Neither does it seem that China wants to risk being involved in trade wars with the West. It is notable that Union Pay, China largest credit card company, has, like Visa and Mastercard, stopped working with Russian banks. Chinese companies, particularly those established in the US, appear to be equally circumspect about breaking US sanctions.
The Russia-China allegiance may now be superglued but to what strategic benefit to China? It is difficult to see how China’s geopolitical ambitions can be burnished by its support for an ally, albeit half-hearted, whose actions are causing global inflation and, in some countries, starvation. This is not how you win friends among the ‘non-aligned’ nations – just look at the borrowing default, food riots and political crisis in China’s ally Sri Lanka over the last month.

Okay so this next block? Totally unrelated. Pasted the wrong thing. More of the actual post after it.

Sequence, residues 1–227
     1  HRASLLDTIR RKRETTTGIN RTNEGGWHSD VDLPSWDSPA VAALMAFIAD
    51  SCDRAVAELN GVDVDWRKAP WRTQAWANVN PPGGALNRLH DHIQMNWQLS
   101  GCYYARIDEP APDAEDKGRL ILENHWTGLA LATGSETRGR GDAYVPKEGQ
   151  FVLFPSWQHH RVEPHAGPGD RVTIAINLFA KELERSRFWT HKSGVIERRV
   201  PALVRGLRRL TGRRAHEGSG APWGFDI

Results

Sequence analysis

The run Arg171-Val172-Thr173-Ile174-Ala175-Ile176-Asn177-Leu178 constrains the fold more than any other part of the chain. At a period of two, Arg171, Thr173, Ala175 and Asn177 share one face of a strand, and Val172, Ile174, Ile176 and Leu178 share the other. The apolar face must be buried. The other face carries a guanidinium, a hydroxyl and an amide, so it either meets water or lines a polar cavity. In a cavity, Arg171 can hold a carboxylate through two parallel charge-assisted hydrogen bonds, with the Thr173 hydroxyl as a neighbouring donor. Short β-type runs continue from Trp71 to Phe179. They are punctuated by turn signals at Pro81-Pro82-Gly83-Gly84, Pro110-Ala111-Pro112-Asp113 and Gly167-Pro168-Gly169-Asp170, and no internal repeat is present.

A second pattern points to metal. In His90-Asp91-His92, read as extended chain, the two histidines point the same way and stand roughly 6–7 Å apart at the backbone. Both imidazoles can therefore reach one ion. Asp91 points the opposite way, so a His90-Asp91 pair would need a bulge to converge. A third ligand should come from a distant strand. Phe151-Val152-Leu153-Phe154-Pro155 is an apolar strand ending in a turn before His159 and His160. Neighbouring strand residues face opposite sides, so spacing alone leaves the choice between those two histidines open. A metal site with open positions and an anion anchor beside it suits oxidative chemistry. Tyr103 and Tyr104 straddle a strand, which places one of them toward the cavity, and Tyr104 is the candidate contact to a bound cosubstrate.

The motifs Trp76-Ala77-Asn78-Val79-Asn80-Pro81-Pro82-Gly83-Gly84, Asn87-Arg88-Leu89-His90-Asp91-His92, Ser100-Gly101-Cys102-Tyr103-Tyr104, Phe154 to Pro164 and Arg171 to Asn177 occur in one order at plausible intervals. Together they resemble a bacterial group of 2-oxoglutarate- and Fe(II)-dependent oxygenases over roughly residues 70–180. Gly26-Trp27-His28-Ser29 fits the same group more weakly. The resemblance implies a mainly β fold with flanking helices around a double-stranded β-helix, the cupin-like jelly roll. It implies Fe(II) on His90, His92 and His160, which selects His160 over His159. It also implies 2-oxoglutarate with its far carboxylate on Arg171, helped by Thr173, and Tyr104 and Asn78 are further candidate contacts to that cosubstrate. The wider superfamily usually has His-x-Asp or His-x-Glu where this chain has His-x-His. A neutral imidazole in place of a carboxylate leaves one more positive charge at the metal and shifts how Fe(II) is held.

If China’s friendship with Putin is toxic internationally, it also seems likely that this toxicity applies in some measure at home. The leadership of China is opaque when it comes to identifying opposition to Xi. However, it is highly unlikely that factions who supported the cautious internationalism of Deng Xiaoping and his successors can be happy with the consequences of Xi’s overtly aggressive foreign policy which appears to have united the West in a Russia-China containment strategy. It has to be asked whether it was Xi or other government members who decided that there should be limits to Xi’s ‘no limits’ relationship with Russia.